April 2nd, 2019
The Boggs Center would like to extend our love, respect and admiration to the Highlander Center for its 87 year legacy and commitment to social justice.
We are bereaved to learn of your recent fire, and offer our support as you continue your decades long contribution to the betterment of humanity.
In love and struggle, Boggs Center Board
A Message from the Highlander Center
As most of you know, a devastating fire burned down our main office early Friday morning. Thankfully no one was inside the building and no one was injured.
We also found a symbol connected to the white power movement spray-painted on the parking lot connected to the main office.
While we do not know the names of the culprits, we know that the white power movement has been increasing and consolidating power across the South, across this nation, and globally.
Since 2016, the white power movement has become more visible, and we’ve seen that manifest in various ways, both subtle and overt. They’ve targeted and exploited working class and cash-poor white communities searching to find a sense of belonging, dividing them from people who support efforts to improve the material conditions of all people. Their attempts to increase in size and scale impact the realities of our daily lives here because the majority of Black people in this country reside in southern states. As islamophobic attacks become more prevalent, we’re hyper-aware that the majority of Muslims in this nation are Black people. We know that anti-Semitic attacks have rocked the Jewish community. We know that anti-immigrant forces are consolidating, attacks on reproductive freedoms abound and the politics of the federal government’s executive branch are speaking to the privilege-based fears of the white power movement, emboldening them in ways the 21st century hasn’t seen.
Even in the face of these realities, the southern freedom movement is alive and well. Our folks are winning campaigns. They’re organizing and base building. People are fighting for progressive policies and using direct action to hold people in power accountable.
Highlander is a sacred place built by communities of the most affected people and it has become a home to those who believe in freedom and collective liberation here in the south, across the U.S and around the world. Because of our history we are not surprised that this space, one where marginalized people working across sectors, geographies and identities show up consistently, has been repeatedly targeted over our 87 years of existence.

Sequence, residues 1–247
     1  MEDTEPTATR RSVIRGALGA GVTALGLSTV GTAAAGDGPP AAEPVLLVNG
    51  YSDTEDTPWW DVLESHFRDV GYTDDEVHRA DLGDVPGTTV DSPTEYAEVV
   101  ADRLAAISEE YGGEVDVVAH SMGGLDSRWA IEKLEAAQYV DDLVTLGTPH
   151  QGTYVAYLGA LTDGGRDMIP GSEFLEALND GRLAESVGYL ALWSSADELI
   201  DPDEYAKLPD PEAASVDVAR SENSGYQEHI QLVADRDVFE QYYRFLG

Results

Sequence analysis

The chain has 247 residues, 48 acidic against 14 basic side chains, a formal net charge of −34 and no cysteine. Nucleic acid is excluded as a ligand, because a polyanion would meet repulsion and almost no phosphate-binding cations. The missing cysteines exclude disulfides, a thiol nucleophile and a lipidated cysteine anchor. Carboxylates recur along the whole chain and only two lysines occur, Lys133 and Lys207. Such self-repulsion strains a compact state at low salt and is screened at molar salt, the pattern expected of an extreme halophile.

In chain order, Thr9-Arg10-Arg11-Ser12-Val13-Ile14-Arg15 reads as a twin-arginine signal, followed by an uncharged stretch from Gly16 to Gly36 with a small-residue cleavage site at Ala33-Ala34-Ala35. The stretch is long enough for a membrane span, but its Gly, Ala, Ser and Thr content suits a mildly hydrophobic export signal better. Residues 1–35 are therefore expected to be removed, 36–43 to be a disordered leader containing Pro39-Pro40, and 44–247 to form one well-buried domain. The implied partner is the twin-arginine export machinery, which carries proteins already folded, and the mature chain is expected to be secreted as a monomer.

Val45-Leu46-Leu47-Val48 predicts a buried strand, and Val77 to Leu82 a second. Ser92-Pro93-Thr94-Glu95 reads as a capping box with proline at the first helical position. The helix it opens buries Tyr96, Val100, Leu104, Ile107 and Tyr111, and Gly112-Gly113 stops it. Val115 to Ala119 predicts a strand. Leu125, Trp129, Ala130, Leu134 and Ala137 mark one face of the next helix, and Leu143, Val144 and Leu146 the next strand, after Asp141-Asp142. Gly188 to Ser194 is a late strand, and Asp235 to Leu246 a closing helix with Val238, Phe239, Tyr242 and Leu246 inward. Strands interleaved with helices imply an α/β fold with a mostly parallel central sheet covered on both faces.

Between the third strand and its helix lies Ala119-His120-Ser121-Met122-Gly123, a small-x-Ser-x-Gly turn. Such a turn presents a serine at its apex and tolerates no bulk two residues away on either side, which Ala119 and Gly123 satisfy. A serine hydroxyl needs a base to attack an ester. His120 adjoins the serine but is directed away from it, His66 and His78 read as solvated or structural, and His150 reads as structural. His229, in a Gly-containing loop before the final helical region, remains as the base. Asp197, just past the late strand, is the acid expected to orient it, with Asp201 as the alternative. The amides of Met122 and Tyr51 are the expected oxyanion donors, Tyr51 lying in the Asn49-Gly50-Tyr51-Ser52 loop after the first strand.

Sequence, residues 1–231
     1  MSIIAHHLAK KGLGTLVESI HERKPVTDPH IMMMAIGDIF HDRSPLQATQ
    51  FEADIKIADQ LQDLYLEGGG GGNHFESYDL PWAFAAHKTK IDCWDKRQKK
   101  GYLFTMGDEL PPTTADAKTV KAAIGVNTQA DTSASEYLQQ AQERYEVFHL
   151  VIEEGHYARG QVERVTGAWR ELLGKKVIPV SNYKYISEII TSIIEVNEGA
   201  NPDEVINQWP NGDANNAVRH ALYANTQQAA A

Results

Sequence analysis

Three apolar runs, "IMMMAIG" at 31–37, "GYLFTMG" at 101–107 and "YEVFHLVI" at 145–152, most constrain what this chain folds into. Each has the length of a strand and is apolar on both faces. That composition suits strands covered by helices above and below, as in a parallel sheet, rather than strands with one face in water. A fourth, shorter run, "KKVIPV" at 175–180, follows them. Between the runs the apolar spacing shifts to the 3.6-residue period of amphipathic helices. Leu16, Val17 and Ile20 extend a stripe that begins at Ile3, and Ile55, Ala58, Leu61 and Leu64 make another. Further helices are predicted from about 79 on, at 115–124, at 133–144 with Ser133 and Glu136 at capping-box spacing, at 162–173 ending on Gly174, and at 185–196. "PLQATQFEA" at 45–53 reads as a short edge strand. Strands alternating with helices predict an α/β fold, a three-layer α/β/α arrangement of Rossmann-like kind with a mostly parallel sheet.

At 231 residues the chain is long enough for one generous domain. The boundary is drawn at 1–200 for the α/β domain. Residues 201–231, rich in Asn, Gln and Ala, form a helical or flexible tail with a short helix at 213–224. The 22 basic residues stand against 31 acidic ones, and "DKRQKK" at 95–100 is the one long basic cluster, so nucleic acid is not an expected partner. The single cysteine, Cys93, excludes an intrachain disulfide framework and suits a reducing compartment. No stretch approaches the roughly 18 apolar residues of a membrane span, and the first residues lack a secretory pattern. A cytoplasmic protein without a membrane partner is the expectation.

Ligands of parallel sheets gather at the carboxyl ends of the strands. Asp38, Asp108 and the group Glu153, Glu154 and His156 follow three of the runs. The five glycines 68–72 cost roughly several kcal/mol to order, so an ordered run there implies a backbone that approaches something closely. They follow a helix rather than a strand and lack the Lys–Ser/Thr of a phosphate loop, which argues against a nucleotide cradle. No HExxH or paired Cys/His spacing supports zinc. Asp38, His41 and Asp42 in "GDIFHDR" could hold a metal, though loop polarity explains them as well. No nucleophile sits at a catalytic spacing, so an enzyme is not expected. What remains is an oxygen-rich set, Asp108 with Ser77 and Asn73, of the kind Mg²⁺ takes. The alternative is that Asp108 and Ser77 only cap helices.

The safety of our people is and has always been our first concern. The investigation is nowhere near over. We are continuing to survive and monitor the process that takes more time in a rural geography with limited public resources. The Jefferson County Sheriff’s Office will continue their investigation. The Tennessee Bomb and Arson people will continue to do theirs. We are not confused about how rarely people are ever charged with arson; however, we are surviving and monitoring these investigations.
This is a time for building our power. Now is the time to be vigilant. To love each other and support each other and to keep each other safe in turbulent times. Now is not the time to dismiss how scary things are, which makes it even more important to have concrete assessments of concrete conditions, and sophisticated strategies to build a new world.
What’s next for Highlander is that we will continue to be that sacred place, that movement home, that place where strategy is developed, that place where principled struggle happens, that place that accompanies movement, that place that incubates radical work, and that place that demands transformative justice.
We love you all, we appreciate your patience and questions, and please continue to be vigilant.
Thinking for Ourselves
The arch of universe bent a little closer to justice this week. The massive, toxic trash incinerator that has been poisoning Detroit for more than 3 decades announced it is closing down. This marks a victory for one of the most sustained, imaginative, and persistent campaigns for environmental justice anywhere.